A better solution for companies that are growing quickly, or where IT is not the main area of expertise, is a so-called security "appliance". These boxes are about as plug-in-and-play as computer security can be.
In the simplest scenario, all a company needs to do is to plug the security device, usually known as a firewall appliance, into the internet connection. The office network is then connected to the appliance, and all the computers should be secure.
The simplest firewall boxes can cost as little as £200; Nokia, for example, sells its entry-level hardware firewall for around £300.
Similar devices can scan emails and Web traffic for viruses; anti-virus companies such as Symantec and McAfee, as well as networking companies, such as Nokia, and security specialists, offer a range of easy-to-use appliances. There are even some boxes on the market that offer both virus scanning and firewall security, although the experts say it is usually better to buy a purpose-built box for each job.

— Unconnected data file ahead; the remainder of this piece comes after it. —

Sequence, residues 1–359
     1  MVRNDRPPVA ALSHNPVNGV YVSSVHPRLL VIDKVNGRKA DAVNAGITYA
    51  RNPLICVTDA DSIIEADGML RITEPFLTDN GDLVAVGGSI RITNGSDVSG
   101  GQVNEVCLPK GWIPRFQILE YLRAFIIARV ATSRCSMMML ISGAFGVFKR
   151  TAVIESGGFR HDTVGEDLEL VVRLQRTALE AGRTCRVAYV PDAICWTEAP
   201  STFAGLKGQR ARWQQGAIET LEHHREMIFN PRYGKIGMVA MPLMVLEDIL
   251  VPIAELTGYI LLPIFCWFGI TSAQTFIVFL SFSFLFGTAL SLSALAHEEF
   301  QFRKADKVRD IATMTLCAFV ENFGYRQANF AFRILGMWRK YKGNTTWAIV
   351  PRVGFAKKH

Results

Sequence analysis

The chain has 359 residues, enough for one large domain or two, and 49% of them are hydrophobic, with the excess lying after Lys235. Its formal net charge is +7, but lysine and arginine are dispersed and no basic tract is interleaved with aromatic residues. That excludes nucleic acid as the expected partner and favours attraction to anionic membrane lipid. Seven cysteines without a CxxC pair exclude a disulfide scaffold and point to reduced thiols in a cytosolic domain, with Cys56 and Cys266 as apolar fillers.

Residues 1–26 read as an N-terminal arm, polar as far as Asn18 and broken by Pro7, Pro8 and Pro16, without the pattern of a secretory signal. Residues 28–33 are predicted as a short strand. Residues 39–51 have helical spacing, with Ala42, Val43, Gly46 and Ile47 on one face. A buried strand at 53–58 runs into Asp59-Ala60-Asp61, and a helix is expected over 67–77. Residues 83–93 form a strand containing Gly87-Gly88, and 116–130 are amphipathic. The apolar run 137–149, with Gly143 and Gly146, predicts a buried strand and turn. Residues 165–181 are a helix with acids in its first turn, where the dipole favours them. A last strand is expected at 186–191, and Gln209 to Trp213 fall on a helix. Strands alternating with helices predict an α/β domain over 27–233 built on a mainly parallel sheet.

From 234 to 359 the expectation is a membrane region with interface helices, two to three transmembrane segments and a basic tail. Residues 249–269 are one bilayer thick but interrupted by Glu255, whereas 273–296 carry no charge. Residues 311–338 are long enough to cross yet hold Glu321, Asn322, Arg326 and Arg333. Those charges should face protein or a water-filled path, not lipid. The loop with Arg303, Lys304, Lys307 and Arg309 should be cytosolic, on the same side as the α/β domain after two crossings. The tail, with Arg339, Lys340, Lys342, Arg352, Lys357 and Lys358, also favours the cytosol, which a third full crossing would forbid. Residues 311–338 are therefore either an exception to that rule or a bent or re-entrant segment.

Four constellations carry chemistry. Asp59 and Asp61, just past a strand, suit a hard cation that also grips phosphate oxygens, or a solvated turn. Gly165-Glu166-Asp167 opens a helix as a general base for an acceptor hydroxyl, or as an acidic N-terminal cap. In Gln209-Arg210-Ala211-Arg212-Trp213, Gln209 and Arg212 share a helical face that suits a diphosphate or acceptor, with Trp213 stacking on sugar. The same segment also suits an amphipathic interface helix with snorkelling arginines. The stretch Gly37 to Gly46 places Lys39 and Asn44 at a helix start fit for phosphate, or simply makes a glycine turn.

Once installed, appliances will automatically update the latest security software, although there is often a subscription for this.
But, as the analyst firm Meta Group estimates that most companies spend more on coffee than they do on computer security, the cost is small set against the peace of mind it brings.
* Create a security policy. This should not only cover how to block hackers or viruses but also give procedures on passwords, access to servers and even parts of the building.
* Keep security software up to date. Threats change all the time, and out-of-date security software can give a false sense of security. Pay for an update subscription or a managed service.
* Plan how you will respond to an outbreak of a virus or a hacker attack. Panic will only make matters worse.
* Keep back-ups: at least then if something does go wrong, you will not lose everything.
* Educate the workforce in security awareness: the more your people understand the importance of security, the safer you are.Reuse content